Prof. Julie Fry [chemistry] and students in ES 300 visited PGE’s Boardman Coal Plant in 2014 to understand the tradeoffs facing power-grid operators as they seek to reduce dependence on fossil fuels.

Prof. Julie Fry [chemistry] and students in ES 300 visited PGE’s Boardman Coal Plant in 2014 to understand the tradeoffs facing power-grid operators as they seek to reduce dependence on fossil fuels.

Growing the Curriculum

The environmental studies program currently offers more than two dozen courses. Here’s a small sample.

April 9, 2021

Bio 303 – Leaves to Landscapes

This field-based course examines the underlying structure, function, diversity, and ecology of Pacific Northwest forests. Students go on forest trips to explore topics such as plant water and carbon relations, plant life history and resource use, resilience of trees and forests to disturbance, and plant responses to global change, observing how our forests operate as complex socio-ecological systems.

Chemistry 230: Environmental Chemistry

An introduction to the chemistry of natural and polluted environments. Fundamental principles of chemistry are used to understand the sources, reactivity, and fate of compounds in the Earth’s atmosphere, hydrosphere, and lithosphere. Topics include the stratospheric ozone layer, photochemical smog and particulate air pollution, climate change and energy use, water toxics and treatment, and agricultural modification of the surface environment.

Econ 351: Environmental Economics

This course introduces students to the methods economists use to analyze issues related to the environment. Students discuss the positive and normative aspects of environmental economics, techniques that are used to value the environment, and approaches—such as regulation and incentive-based program—that are used to control pollution.

History 338: Crisis and Catastrophe in Modern Europe

Between 1720 and 1870, a series of natural and manmade crises forced Europeans to question the purpose of violence in a supposedly “improving” society and the role of rational individuals in a world sometimes beyond their control. This course considers the political, religious, intellectual, and cultural ramifications of disaster and crisis, including financial collapse, revolution, war, earthquakes, disease, and famine. These crises disrupted Europe’s political and intellectual landscape, threatening and transforming ideas about risk, progress, religion, and political authority, and restructuring the relationships between man and the natural world.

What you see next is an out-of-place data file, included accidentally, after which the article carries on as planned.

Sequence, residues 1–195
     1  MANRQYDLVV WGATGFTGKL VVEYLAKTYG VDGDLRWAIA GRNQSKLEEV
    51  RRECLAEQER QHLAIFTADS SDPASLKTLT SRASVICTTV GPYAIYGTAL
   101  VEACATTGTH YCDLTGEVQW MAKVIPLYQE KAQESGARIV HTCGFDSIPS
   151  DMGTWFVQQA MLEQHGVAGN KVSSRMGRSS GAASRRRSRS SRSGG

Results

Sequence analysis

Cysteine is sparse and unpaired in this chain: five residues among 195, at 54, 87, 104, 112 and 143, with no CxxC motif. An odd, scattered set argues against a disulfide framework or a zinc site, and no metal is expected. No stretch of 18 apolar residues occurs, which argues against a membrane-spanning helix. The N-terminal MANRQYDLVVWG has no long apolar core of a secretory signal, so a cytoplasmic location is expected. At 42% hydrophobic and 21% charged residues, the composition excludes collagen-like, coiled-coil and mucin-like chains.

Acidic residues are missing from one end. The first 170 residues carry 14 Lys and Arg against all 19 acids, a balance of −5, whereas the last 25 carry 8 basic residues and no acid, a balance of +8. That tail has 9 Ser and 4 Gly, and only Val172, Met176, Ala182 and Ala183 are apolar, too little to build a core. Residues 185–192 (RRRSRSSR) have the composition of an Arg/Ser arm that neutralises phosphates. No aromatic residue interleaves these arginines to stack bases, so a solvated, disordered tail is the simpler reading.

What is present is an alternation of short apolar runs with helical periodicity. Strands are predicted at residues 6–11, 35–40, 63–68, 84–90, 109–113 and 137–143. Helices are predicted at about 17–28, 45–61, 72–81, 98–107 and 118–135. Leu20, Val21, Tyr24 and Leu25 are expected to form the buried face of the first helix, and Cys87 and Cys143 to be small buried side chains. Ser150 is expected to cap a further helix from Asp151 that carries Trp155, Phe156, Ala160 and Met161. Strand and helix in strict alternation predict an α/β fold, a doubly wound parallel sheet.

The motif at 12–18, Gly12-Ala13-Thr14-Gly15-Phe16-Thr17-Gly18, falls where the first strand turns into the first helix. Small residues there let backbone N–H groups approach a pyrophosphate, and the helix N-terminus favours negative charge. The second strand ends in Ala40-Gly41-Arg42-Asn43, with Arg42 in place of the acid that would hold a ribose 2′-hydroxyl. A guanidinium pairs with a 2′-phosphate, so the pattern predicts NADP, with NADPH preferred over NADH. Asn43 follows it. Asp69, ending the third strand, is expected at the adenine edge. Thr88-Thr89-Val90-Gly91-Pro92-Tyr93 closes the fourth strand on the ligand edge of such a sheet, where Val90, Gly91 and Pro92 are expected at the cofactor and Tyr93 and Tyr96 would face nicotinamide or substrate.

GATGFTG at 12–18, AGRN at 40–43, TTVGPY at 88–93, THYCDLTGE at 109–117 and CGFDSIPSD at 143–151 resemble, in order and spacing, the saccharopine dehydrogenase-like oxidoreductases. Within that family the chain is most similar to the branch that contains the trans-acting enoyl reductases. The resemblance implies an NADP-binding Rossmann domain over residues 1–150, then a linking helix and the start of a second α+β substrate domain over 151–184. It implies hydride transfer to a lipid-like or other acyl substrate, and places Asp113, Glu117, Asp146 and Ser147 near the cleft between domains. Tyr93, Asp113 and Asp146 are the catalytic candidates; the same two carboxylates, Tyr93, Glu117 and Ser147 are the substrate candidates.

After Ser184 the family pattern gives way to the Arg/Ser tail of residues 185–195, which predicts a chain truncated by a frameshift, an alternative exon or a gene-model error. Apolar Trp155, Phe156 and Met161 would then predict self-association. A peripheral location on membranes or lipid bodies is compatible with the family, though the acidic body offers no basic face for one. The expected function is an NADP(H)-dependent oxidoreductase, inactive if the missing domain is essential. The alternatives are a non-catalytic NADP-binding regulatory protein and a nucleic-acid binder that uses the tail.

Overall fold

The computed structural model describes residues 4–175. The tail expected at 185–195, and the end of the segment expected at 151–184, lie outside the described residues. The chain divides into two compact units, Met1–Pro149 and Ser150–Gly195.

History 310: Water and the American West

This course uses the environmental and political history of America’s rivers, streams, reservoirs, and aquifers to introduce students to important issues in water history and contemporary water policy. Students begin by exploring a series of different frameworks for understanding the complex relationships among water, labor, land, and political power as those relationships have changed over time. As they build a deeper understanding of water as a natural, cultural, and political entity, they see the ways in which history has helped to shape the way we allocate and regulate water. Armed with the dual weapons of history and basic legal doctrine, they tackle some of the key issues in 20th-century American water policy, including groundwater, water marketing, and the implications of global warming.

Political Science 374: Science, Technology & Politics

Why or when should science play a role in policy debates? Why are certain scientific findings accepted over others in these debates? How can society manage the introduction of new technology and address risks that may emerge? This course explores the relationship between science and politics, how the two at times compete and depend on each other. Students investigate models of knowledge production to better understand how we can study science in politics. The implementation of science and policy is often found in choices around technology, and this course will engage ideas for managing emerging, risky, or uncertain technologies.

ES300: Junior Seminar

In ES300, students dig into a group project through an interdisciplinary lens.

In 2014, they looked at PGE’s Boardman Coal Plant, a power plant in eastern Oregon responsible for 65% of Oregon’s SO2 emissions and 7% of its CO2 emissions. The students examined whether Boardman could be converted into a biofuel plant fueled by straw from local corn and wheat farms. They concluded that switching to biofuels would cut carbon emissions in half, but that SO2 emissions would remain higher than federal targets. PGE ultimately shut down Boardman last year.

In 2017, they mapped the neighborhoods in Portland most at risk of climate hazards such as flooding, wildfires, and heat waves. Then they looked at indicators of social vulnerability and resilience. By combining these maps, they identified neighborhoods that scored high on hazard and low on resilience. Students proposed several ways to strengthen resilience in these areas, such as more green spaces, better access to transit, tree planting, sidewalks, and community gardens.

Tags: Academics, Courses We’d Love To Take, Climate, Sustainability, Environmental, Professors